Mud seeped through my clothes, caked my scalp. Water dripped from my body when I crawled from the muck. I managed to collapse on the bank, where the damp mud held me in a wet embrace and fresh snow blanketed me. I panted, watching the plumes of my breath rise in the faint blue glow of the halogen lamp while the cold soaked into my bones, into my guts, which lay inert beneath my skin.
Irony struck me like an icy club. I'd left Matt because I was afraid he'd kill me. Now here I lay, dying. A sick, strangled laugh escaped me. Though a ray of light flashed across the pond, black fields encroached on my vision and a chilly invitation to a long cold sleep tempted.
"What in the world?"
A voice rang in the little snow filled dell. I lifted my head from my icy bed and saw a man in a low profile Stetson hat riding toward me on a white horse. The image of him sitting astride the horse framed in snowfall was etched like ice in my mind. He trained the beam of his flashlight on me and our gazes locked. "Gid-up!" He spurred the horse and it charged around the edge of the pond I'd stumbled into.
The man dropped from the saddle and pushed his hat from his head. He nestled his Maglite into the snow so that it shined on me. Steam rose from his dark hair, and his expression flared hope in me. His eyes were polar ice blue and angel robe soft. No matter how I wanted to look at his face forever, my eyelids sagged. His hands were clear in my hazy vision. Hands weren't always good. Matt had hit me with his hands. A little knot of fear tightened in my gut, but this man was gentle. "Come on, girl. Stay with me."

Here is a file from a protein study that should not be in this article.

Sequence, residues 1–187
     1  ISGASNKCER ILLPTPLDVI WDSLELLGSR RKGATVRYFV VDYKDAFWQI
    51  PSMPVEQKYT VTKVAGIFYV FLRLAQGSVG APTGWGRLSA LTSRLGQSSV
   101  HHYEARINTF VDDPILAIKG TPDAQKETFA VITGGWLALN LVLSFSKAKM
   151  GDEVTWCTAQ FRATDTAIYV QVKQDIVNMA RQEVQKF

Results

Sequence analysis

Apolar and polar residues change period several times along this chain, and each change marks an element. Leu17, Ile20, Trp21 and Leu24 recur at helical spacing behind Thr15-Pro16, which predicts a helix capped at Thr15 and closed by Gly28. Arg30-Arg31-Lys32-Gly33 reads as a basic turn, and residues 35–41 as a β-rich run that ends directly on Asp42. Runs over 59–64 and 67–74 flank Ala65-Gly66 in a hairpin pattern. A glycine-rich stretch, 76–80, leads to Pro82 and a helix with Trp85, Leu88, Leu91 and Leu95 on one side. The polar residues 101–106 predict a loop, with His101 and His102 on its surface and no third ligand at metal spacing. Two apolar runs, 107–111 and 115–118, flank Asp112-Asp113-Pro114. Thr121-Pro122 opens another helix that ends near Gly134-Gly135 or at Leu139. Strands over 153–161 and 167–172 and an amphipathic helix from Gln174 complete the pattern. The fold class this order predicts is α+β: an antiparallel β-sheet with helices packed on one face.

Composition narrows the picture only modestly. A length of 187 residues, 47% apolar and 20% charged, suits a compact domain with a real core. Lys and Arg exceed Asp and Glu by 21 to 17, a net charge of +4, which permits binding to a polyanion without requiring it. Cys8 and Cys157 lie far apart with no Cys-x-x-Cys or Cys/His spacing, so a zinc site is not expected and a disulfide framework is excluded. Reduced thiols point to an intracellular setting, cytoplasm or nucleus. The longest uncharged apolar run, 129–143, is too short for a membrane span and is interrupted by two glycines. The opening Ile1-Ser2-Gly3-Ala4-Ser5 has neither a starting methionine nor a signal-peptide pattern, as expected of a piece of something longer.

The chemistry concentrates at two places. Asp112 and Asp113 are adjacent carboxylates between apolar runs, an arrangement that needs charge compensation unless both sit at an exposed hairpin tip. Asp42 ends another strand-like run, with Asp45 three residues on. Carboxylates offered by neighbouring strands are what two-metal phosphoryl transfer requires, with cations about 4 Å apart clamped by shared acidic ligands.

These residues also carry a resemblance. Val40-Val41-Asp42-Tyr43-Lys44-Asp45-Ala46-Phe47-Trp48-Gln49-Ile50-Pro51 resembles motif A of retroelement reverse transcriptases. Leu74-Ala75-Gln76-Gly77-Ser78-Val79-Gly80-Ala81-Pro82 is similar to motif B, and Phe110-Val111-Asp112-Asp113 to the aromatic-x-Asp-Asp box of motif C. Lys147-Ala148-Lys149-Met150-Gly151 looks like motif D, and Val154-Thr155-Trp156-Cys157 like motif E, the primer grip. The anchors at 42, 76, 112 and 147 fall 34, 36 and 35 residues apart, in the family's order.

"Car crash." I muttered. I couldn't say more. Nothing came out but a shaky breath. He nodded, and a frown knit his brows together.
He pulled the gloves from his hand and patted my thighs and arms. "You're soaked to the bone and freezing."
I wanted to nod my head in agreement, but my fine motor skills were frozen too. His fleece-lined jacket smelled of Stetson cologne when he pulled it off, the scent of sweat sweetened with fabric softener rose from his long underwear shirt. "Let me help you."
I couldn't have fought him if I wanted to. I had no strength left. My field of vision narrowed when my eyelids drooped again. He wadded the shirt into a soft mass and patted my face dry. Despite the sting of his shirt against my cheek, I was grateful for his touch. My head lolled to the side while he wiped down my arms. I was less appreciative when he used the shirt to sop water from my shoulders and chest. Pain blazed from my shoulder socket and radiated through my arm and chest. A weak cry escaped my lips, but the onset of hypothermia had iced over my tear ducts.
"Hush now." He stopped, placing a warm hand on my cheek and shushing me. "We have to get you dry you before you freeze to death."
It might be too late.
He stood, more silhouette than man to my increasingly fuzzy vision. Putting his hat back on, he bent to wrap me in the clothing he'd removed. I couldn't feel him touching me. I was beyond feeling, slipping into the numb, quiet dark. The pain eased. The cold eased. My vision failed. There was only me and him. His chest was the last thing I saw when he wrapped his arm around my back. The last thing I felt was the warmth of his bare skin.
Me and him.